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Mechanism of Systemic Inflammation Associated Endothelial and Epithelial Cell Dysfunction Following Acute Pancreatitis, Trauma, and Burns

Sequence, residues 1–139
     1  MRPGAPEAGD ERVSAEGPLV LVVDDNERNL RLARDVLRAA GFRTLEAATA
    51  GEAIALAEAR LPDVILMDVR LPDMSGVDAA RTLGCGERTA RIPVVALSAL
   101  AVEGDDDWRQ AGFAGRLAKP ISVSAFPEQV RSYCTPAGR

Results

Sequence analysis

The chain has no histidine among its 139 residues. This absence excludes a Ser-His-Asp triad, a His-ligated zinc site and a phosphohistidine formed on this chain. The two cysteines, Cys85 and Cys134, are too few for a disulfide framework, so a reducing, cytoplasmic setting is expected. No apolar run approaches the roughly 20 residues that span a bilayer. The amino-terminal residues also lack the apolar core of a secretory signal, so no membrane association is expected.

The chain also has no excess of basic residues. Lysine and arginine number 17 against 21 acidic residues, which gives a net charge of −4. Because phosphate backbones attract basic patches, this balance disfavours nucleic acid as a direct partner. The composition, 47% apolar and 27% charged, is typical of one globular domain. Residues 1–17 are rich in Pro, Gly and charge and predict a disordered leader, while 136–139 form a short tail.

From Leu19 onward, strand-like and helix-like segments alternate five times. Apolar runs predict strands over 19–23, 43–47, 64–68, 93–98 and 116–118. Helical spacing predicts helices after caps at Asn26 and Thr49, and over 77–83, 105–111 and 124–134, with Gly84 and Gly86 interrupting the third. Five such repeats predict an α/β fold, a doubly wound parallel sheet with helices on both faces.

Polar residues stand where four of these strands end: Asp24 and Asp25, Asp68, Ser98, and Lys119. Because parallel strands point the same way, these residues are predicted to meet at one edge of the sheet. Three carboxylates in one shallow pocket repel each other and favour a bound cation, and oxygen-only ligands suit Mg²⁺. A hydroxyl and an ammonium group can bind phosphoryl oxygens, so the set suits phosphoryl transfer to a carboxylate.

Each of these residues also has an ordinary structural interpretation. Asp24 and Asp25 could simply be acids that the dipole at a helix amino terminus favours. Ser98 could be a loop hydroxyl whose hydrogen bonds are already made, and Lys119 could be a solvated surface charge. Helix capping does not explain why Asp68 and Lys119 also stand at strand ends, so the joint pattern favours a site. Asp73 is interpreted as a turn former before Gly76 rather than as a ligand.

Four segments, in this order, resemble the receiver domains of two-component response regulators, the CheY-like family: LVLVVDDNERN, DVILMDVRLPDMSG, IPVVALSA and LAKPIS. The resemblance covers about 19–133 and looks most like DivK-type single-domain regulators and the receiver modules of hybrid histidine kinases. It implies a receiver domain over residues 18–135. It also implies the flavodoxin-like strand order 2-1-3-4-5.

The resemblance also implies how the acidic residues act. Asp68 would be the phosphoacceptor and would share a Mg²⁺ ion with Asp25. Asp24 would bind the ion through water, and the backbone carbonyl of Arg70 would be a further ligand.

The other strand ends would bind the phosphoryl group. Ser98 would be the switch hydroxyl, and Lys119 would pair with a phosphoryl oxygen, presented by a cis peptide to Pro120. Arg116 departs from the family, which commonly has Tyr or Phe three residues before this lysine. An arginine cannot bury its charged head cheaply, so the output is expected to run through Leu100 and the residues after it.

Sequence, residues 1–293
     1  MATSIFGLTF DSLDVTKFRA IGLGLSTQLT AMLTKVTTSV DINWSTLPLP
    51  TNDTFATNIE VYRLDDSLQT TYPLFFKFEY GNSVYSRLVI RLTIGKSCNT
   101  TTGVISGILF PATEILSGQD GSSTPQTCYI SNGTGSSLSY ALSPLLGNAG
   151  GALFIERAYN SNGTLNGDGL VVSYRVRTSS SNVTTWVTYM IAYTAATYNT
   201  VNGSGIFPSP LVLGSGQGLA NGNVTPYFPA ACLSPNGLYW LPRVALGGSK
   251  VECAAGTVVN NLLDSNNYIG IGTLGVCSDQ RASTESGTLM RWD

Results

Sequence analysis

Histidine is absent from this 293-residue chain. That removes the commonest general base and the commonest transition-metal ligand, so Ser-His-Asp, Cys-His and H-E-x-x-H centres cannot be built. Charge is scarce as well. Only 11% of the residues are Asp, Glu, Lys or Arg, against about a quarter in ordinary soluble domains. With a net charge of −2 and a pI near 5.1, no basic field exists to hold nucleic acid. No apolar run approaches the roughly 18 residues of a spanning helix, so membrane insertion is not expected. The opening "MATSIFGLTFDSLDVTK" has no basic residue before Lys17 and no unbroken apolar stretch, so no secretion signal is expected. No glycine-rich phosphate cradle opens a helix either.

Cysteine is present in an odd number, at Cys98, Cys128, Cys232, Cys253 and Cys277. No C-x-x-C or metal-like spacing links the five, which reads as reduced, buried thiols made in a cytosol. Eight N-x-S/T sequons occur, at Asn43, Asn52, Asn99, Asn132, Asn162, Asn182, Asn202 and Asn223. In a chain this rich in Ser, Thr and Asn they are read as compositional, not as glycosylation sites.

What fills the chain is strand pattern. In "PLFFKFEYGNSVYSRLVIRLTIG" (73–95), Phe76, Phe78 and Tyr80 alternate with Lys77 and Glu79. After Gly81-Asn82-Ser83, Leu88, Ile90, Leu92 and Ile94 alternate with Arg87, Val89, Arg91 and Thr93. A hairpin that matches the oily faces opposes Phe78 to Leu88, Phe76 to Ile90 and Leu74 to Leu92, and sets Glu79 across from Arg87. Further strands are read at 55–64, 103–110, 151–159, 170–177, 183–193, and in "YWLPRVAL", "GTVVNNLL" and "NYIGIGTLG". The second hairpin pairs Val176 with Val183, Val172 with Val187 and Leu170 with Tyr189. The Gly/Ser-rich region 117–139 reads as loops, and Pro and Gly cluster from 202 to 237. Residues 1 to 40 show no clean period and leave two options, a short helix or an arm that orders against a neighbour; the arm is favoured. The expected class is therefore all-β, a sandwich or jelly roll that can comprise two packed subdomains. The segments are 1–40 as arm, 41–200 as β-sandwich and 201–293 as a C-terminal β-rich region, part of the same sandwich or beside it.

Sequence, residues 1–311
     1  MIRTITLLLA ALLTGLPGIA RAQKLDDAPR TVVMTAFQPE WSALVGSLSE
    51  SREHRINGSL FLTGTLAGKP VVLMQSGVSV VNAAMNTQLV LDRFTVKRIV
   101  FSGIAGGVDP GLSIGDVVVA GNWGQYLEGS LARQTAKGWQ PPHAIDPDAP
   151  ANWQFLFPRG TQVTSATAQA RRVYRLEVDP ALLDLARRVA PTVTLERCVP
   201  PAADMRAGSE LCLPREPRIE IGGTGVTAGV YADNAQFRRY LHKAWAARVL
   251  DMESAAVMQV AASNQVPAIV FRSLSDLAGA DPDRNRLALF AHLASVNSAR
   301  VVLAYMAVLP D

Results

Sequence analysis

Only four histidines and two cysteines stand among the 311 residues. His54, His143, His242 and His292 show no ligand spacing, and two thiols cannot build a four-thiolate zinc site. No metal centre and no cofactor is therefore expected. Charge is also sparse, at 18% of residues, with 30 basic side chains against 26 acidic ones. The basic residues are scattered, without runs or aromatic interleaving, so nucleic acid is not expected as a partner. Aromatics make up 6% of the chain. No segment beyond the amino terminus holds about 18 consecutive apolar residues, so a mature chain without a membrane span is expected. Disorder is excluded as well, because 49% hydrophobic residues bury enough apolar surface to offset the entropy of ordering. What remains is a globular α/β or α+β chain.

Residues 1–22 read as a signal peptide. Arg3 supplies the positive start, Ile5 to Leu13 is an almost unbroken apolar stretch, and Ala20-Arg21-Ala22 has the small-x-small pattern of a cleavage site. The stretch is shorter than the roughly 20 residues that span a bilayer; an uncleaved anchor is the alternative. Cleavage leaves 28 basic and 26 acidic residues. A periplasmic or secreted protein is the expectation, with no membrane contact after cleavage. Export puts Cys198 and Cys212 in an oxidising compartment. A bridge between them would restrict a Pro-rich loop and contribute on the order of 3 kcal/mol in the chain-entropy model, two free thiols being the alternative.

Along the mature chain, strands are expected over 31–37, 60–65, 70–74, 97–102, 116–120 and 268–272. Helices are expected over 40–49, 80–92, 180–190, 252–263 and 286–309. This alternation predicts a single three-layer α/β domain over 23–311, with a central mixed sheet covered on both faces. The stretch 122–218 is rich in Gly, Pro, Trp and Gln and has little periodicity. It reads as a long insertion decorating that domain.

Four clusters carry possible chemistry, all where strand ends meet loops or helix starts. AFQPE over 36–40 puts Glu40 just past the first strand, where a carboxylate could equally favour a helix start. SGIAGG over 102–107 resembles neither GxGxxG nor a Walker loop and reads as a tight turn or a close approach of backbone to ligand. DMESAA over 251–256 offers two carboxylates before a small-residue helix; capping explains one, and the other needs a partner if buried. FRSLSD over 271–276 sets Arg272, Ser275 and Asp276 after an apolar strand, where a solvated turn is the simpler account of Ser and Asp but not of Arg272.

Systemic inflammatory response syndrome (SIRS) is difficult to study in humans because the response to injury in humans is heterogeneous, development of SIRS is unpredictable and progression to vascular leak syndrome (VLS) is highly variable, suggesting multiple hidden variables between people. Obesity and hypertriglyceridemia (HTG) increase risk of multiorgan dysfunction syndrome (MODS), giving some clues to pathophysiology, but these factors account for a minority of variability. Endothelial cell injury and VLS [leading to intravascular hypovolemia and shock], appear to link SIRS to MODS, which is prolonged by gut leak syndrome (GLS). We show that toxic serum affects the endothelial cells by at least three specific mechanisms: free fatty acids (FFAs), cytokines, and high molecular weight proteins. We are investigating if similar mechanisms lead to epithelial cell injury. We hypothesize that one or more mechanism(s) may be the major contributor(s) to VLS in individual patients, and that parallel processes cause gut permeability (allowing bacterial products to enter the circulation) and that these mechanisms are targetable.
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